Yes, there might.

We think in a case like this one, it would be an unreasonable choice not to do so because this evidence has so little of what this Court has described in other cases like Burger and Darden as a sharp double edge, and it is so powerfully mitigating that we don’t think it would have that effect.

But we… we respectfully suggest that’s not the relevant question.

Once you’ve established deficient performance with respect to investigation, then we shift to the prejudice inquiry, and it’s an objective analysis.

And so long as there is a reasonable probability that competent counsel would have used this information in combination with the case that they made, then… and there’s a reasonable probability that the outcome would have been affected, which I think Williams v. Taylor establishes for us, then we have shown what we need to show to be entitled to relief.

Anthony M. Kennedy:

Do you–

–What are the–

William H. Rehnquist:

–What do you think the test is that Williams against Taylor lays down as to determining a… a probability of a different outcome?

Donald B. Verrilli, Jr.:

Well, I think, if I may just draw from Justice O’Connor’s concurring opinion with respect to that.

If there’s an obvious failure on the part of the State court to consider the totality of the record, that’s an unreasonable application with respect to prejudice.

Donald B. Verrilli, Jr.:

And with… in Williams, of course, as Your Honor’s dissenting opinion pointed out, there was a much more severe case of aggravating information than here.

Williams had a terrible, long record of violence.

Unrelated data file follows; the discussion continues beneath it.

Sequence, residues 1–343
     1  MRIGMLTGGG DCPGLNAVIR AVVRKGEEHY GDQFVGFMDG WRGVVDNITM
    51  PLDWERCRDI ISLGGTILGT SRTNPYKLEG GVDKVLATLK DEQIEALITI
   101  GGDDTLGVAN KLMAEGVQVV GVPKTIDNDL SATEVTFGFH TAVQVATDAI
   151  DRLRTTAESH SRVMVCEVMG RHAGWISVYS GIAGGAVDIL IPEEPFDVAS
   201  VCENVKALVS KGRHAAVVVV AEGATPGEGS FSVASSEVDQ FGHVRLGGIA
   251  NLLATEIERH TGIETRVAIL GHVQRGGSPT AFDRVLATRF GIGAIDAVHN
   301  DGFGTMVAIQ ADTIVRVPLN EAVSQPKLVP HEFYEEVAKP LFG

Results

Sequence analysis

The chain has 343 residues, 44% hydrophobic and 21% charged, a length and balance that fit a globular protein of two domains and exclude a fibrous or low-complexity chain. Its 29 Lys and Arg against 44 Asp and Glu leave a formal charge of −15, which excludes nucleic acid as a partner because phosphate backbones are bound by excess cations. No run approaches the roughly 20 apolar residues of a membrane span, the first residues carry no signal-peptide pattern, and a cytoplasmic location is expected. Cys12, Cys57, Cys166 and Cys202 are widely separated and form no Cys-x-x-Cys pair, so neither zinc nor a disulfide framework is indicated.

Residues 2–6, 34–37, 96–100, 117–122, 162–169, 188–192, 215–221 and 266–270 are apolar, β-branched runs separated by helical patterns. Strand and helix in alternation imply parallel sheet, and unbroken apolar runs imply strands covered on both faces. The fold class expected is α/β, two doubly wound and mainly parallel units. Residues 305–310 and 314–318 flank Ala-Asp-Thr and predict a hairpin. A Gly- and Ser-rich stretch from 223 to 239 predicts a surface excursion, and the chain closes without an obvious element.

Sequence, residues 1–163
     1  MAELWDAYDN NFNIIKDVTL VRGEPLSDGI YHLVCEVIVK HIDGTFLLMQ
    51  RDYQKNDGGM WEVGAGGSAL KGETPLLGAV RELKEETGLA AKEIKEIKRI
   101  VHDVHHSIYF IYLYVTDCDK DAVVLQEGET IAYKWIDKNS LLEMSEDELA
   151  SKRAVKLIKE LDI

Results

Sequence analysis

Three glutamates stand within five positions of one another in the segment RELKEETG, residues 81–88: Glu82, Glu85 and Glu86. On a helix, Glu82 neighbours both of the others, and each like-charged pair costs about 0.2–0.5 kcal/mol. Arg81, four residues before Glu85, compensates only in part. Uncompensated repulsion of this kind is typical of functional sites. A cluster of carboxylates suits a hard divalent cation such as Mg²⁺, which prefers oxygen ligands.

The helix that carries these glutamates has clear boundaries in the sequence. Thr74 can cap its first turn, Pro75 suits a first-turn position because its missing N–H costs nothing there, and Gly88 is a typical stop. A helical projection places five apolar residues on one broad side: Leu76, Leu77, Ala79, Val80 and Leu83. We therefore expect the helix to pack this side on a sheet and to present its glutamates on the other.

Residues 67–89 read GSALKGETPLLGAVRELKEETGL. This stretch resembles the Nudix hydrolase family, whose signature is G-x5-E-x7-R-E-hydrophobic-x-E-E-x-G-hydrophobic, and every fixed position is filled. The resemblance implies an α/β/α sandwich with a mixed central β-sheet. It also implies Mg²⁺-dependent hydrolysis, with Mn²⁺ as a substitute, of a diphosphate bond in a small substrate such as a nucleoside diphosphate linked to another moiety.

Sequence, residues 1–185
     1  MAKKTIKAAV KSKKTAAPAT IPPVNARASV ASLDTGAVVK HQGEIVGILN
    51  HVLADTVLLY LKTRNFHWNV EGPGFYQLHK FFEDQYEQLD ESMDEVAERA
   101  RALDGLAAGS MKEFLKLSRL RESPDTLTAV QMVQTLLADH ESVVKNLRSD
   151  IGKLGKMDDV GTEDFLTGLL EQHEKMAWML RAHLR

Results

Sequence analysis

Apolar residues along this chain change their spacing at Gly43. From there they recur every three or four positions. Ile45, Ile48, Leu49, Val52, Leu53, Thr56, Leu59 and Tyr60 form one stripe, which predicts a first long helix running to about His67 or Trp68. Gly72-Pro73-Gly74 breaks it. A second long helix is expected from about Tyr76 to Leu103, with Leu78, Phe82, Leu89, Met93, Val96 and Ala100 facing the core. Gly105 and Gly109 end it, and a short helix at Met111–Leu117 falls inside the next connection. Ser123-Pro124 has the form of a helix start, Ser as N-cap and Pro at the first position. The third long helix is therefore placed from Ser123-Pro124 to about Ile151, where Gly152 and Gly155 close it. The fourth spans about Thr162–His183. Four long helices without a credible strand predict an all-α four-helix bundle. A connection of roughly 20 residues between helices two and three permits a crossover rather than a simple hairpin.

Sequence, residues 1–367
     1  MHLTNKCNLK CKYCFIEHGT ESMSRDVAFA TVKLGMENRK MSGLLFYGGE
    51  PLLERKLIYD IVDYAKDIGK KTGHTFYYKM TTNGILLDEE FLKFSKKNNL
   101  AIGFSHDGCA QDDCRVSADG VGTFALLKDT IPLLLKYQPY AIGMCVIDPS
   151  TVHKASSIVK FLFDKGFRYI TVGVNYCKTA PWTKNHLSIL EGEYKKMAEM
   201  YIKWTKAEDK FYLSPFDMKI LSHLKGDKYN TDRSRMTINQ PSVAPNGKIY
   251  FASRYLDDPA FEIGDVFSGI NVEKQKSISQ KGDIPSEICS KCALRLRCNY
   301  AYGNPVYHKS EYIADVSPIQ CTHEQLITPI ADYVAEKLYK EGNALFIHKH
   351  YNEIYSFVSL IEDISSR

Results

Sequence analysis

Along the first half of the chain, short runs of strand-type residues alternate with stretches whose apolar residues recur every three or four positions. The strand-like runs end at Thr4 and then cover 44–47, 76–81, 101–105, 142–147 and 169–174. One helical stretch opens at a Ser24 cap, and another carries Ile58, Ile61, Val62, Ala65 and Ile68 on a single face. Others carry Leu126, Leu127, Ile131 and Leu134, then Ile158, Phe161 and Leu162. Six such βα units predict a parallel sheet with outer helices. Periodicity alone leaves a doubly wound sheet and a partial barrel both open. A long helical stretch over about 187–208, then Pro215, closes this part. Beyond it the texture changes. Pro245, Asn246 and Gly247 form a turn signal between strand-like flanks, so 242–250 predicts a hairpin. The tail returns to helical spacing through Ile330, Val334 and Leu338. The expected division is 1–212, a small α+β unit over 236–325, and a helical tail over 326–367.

Wiggins has none.

And the mitigating evidence here is even stronger than the mitigating evidence that existed in the Williams case.

And so we think it follows directly from Williams that… that if you look at whether there’s a reasonable probability that the outcome would have been different here on the basis of submitting this evidence, that we think that’s a very clear and easy case under the standards that Williams sets.

Anthony M. Kennedy:

Are… are you making any argument that the ruling on the bifurcation motion might also have been different if there had been a proffer of this?

Or did the judge rule on the bifurcation motion without knowing what the mitigation evidence might be?

Donald B. Verrilli, Jr.:

The… factually, Justice Kennedy, it’s the latter.

The… he ruled on the bifurcation motion at the outset of the… of the trial.

William H. Rehnquist:

Is… is that a common motion in Maryland capital cases, to try to bifurcate the sentencing proceeding?

Donald B. Verrilli, Jr.:

At the time it was, and the reason it was, Mr. Chief Justice, is because sometime shortly before this case was tried in Baltimore County, another Baltimore County judge had allowed such a motion.

And we think that fact reinforces the utterly unreasonable character of the failure to investigate here.

These lawyers had a… had… had to think there was a reasonable prospect they were going to be able to put on a mitigation case, but we know that all they had to put on that mitigation case was the psychologist’s testing.

And after all, that… all that psychologist did was test.

William H. Rehnquist:

But they would… they would be fighting over the principalship too, would they not?

Donald B. Verrilli, Jr.:

Yes, but that… the point of bifurcation was to do principalship first, and if they prevailed on principalship, they wouldn’t go to the second phase.

And only if they didn’t prevail on principalship would they go to the second phase where they wouldn’t have any of the tactical cross currents they were worried about because principalship was already established and they could go whole hog and make the fullest mitigation case possible.

And the fact that they were… that they were endeavoring to follow that strategy until the first day of the sentencing hearing, October 11th, 1989, shows that they didn’t… that all they had as of October 11, 1989, was the psychologist’s report… shows that they did not investigate at the level that Strickland requires.

David H. Souter:

Mr.–

Sandra Day O’Connor:

–What about the psychological reports, Mr. Verrilli?

Those were available to defense counsel?

Donald B. Verrilli, Jr.:

Yes, Justice O’Connor.

Sandra Day O’Connor:

And indeed, obtained by defense counsel.

Donald B. Verrilli, Jr.: